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BIS Requests Comments on "Emerging" Technologies for CFIUS and Export Control Reforms

Comments Due December 19, 2018
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The Committee on Foreign Investment in the United States (CFIUS) reform legislation, titled the Foreign Investment Risk Review Modernization Act (FIRRMA), was signed into law in August 2018 as a part of the National Defense Authorization Act for Fiscal Year 2019 (2019 NDAA). CFIUS, an interagency committee chaired by the U.S. Department of the Treasury, has traditionally reviewed national security risks of certain forms of foreign direct investment in the U.S. economy that results in control of a U.S. business by a foreign person. The new legislation casts a wider net over what type of transactions and investments are subject to potential CFIUS review, including certain passive investments that do not necessarily result in control of a company. The 2019 NDAA also included the Export Control Reform Act of 2018 (ECRA), which will have major implications for U.S. and foreign businesses and implements key changes to the U.S. statutory basis for export controls of commercial, dual use, and less sensitive defense items. In November 2018, the first steps for substantive regulatory implementation of both FIRRMA and the ECRA began to take place.

First, on November 10, 2018, the FIRRMA pilot program went into effect, implementing two key provisions of the legislation: expanded jurisdiction rules that target critical technologies and new mandatory filing requirements. CFIUS's jurisdiction now includes reviews of certain investments by foreign persons that do not necessarily constitute an acquisition of "control" of a U.S. business (FIRRMA refers to these as "other investments"). An investment can now fall within the purview of CFIUS review if it gives the foreign investor one of the following:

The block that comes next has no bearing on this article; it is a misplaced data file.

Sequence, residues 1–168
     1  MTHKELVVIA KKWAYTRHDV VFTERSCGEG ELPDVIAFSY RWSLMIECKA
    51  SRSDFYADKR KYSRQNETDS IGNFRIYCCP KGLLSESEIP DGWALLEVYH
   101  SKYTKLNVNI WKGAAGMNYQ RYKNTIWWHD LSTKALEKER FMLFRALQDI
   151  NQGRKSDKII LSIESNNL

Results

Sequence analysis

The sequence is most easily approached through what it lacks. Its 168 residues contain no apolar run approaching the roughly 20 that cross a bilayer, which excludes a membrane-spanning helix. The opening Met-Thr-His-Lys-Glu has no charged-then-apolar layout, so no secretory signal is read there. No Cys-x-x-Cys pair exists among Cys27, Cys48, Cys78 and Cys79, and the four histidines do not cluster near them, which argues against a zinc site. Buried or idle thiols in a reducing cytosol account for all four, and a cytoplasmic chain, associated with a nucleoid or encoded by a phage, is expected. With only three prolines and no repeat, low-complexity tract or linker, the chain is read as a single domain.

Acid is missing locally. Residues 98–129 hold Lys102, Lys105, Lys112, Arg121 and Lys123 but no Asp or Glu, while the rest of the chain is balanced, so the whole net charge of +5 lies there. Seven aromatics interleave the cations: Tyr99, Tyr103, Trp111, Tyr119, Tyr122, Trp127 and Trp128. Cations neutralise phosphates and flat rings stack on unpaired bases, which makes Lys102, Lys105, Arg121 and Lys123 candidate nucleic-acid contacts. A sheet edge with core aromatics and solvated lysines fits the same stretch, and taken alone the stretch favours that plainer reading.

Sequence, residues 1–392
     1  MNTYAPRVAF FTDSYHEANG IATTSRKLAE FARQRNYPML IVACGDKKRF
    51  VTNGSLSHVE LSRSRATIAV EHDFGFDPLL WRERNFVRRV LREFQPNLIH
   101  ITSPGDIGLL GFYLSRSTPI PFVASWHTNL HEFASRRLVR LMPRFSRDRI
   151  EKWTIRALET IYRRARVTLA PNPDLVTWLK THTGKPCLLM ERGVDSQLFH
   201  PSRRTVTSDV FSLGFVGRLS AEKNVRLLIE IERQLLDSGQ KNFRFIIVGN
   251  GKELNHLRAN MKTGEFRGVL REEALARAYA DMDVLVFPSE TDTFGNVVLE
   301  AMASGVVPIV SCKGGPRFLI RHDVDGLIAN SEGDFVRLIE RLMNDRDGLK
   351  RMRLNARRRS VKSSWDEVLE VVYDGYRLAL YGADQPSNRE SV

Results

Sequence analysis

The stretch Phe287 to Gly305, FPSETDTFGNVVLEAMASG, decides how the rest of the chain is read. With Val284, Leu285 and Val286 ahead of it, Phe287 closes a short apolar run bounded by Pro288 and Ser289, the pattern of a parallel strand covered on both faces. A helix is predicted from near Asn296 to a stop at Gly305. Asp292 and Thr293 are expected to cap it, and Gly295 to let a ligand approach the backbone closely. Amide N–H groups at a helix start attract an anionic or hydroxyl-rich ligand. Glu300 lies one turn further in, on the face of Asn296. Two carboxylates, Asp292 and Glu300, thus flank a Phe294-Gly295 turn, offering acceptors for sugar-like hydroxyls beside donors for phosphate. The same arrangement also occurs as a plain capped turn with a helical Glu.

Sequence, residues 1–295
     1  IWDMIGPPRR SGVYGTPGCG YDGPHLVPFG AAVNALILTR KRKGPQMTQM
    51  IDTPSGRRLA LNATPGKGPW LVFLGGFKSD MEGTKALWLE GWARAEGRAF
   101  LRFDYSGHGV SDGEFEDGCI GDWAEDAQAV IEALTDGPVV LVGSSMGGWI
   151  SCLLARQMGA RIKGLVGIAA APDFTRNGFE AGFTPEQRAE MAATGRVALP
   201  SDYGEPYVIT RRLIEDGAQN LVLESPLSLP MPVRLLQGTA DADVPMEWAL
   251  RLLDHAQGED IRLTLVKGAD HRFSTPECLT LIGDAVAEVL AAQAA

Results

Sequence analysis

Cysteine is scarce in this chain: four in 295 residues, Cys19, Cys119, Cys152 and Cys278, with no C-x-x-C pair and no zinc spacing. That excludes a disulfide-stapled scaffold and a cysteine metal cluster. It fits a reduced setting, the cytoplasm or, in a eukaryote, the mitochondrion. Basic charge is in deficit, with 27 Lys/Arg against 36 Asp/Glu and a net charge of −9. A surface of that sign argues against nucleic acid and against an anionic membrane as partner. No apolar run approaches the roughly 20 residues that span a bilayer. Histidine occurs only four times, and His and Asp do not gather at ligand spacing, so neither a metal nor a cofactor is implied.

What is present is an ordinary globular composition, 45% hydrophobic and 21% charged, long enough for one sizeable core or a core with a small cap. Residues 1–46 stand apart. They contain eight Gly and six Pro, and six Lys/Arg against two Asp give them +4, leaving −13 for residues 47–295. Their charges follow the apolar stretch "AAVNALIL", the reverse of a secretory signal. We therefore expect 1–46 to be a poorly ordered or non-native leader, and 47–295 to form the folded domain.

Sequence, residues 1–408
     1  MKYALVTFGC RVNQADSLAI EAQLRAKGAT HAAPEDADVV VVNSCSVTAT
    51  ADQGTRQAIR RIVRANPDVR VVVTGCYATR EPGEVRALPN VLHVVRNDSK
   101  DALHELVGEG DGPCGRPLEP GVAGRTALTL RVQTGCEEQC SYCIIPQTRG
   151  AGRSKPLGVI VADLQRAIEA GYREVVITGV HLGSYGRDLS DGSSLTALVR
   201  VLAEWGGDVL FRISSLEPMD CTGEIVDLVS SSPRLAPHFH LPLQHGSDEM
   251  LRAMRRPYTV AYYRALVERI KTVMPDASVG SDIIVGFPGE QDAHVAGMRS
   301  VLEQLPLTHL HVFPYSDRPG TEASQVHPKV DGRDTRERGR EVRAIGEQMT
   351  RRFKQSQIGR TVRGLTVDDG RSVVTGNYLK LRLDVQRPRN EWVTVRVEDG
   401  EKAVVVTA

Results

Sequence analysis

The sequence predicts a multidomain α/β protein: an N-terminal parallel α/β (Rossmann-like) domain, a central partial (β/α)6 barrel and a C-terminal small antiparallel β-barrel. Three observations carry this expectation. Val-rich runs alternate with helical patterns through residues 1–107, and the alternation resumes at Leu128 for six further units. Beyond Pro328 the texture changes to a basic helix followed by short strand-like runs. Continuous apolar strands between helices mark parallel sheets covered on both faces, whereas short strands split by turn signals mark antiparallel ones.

1. Access to any material nonpublic technical information in the possession of the U.S. business;
  2. Membership or observer rights on the board of directors or equivalent governing body of the U.S. business, or the right to nominate an individual to a position on the board of directors or equivalent governing body of the U.S. business; or
  3. Any involvement, other than through voting of shares, in substantive decision-making of the U.S. business regarding the use, development, acquisition, or release of critical technologies.

In addition, the pilot program covers any U.S. business that produces, designs, tests, manufactures, fabricates, or develops a critical technology that is: (1) utilized in connection with the U.S. business's activity in one or more "Pilot Program Industries," or (2) designed by the U.S. business specifically for use in one or more "Pilot Program Industries" (the program covers 27 Pilot Program Industries for which the U.S. government determined that "strategically motivated foreign investment" could pose a threat to U.S. technical superiority and national security, including the manufacturing of aircrafts, computers, wireless communications equipment, and semiconductors).

The second major change in the pilot program is that it establishes mandatory declarations, described by the Department of Treasury as "abbreviated notice that generally should not exceed five pages in length," for foreign transactions that constitute either a controlling investment or a FIRRMA "other investment" described above. CFIUS filings have always been voluntary prior to this reform legislation, but you can now face potentially significant penalties for failing to submit a mandatory filing. The declarations must be filed at least 45 days prior to a transaction's expected completion date, at which point CFIUS will have 30 days to take action.